Working on his design for the Jewish Museum in Berlin, Daniel Libeskind referred to the project as “Between the Lines”, a title that picked up on central aspects of his vision for the building. The lines connecting the centres of Jewish life in Berlin were a key springboard in this process, an invisible, irrational geographical matrix from which he developed a visual alphabet of architectural forms.
The two installations Behind the Lines and Composing the Lines developed for the Daniel Libeskind retrospective at the Jewish Museum in Berlin illustrate key aspects of the architecture in different ways. While Behind the Lines is purely designed to convey information, Composing the Lines offers an artistic exploration of Libeskind’s architecture. The installation is multi layered and difficult to decipher. It explores the intimate relationship between the museum’s architecture and the music of Arnold Schönberg.
As Libeskind himself claimed, the Jewish Museum completes Schönberg’s unfinished opera Moses und Aaron. The central theme of this opera is the attempt to present the unpresentable, a predicament which Libeskind also faced in tracing the city’s eliminated Jewish culture and the horrors of the holocaust. The visual alphabet he developed from these questions and the laws governing Schönberg’s twelve-tone technique form the basis of the interactive audio-visual architectural generator Composing the Lines.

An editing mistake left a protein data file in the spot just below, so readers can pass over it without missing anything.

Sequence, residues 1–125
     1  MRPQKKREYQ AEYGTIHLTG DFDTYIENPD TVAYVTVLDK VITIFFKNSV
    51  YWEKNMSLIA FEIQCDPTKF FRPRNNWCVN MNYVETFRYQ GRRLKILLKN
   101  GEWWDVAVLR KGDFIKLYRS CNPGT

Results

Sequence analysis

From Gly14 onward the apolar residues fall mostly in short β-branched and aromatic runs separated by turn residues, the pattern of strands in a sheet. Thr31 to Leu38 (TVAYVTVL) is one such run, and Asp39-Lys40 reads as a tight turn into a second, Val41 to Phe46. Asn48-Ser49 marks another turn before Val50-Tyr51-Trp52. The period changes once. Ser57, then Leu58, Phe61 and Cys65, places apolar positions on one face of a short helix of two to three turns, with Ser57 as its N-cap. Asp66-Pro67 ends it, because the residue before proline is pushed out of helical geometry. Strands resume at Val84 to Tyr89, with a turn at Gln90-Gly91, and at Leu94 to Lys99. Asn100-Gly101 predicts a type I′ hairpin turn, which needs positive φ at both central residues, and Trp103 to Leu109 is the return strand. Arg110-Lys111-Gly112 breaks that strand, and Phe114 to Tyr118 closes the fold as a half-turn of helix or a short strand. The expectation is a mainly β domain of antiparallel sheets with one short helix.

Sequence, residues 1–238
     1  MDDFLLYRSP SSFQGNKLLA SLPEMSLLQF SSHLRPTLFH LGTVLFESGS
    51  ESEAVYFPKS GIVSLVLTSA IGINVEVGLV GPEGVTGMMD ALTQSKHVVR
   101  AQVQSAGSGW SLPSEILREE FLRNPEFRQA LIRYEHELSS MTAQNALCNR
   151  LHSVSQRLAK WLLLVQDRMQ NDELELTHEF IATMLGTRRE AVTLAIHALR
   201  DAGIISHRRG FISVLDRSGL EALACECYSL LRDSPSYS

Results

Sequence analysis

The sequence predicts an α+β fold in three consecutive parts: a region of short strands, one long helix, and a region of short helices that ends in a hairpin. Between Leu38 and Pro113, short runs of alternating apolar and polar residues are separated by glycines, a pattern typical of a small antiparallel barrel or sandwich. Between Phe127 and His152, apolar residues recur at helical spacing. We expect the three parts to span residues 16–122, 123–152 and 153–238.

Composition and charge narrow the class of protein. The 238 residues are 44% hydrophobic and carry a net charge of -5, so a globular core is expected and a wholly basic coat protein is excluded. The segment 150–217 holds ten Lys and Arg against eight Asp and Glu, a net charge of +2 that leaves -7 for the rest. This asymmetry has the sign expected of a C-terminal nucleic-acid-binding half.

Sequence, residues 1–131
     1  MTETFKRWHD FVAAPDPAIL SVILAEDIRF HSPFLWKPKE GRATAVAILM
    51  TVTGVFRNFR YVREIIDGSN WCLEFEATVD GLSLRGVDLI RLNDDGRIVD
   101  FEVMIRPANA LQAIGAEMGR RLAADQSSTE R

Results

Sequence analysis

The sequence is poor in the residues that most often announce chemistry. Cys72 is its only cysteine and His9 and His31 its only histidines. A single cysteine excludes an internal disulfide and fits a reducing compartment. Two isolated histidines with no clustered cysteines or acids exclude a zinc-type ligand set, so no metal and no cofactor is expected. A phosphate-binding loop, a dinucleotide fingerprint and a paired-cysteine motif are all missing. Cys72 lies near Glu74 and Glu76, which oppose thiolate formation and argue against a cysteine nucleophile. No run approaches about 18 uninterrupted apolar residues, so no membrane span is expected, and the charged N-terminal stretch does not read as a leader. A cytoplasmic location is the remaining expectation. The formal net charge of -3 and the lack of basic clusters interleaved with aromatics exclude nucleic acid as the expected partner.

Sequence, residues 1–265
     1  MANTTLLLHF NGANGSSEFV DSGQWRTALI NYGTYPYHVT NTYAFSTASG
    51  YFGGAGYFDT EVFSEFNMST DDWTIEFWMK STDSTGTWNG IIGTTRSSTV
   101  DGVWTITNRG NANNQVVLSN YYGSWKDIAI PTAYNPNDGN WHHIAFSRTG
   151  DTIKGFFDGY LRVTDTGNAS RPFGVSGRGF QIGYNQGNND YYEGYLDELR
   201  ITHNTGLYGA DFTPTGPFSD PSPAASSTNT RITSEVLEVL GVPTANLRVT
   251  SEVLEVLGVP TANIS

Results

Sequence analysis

The installation consists of a touchscreen and two separate projection surfaces. By interacting with the touchscreen, users intuitively compose a row of twelve tones, each allocated to one of the seven visual alphabets in the museum architecture. This row of twelve notes — the prime series — is reversed, inverted and retrograde-inverted according to the principles of twelve-tone music. Projected onto the second screen, these two-dimensional elements are arranged in a three-dimensional row and played so that the composition can be experienced as a musical and architectural structure.
Composing the Lines deliberately avoids a simple reading. Although the interaction is intuitive, the installation remains a primarily aesthetic and associative experience. A complete deciphering of its workings is deliberately avoided with the aim of encouraging intensive contemplation and personal interpretation.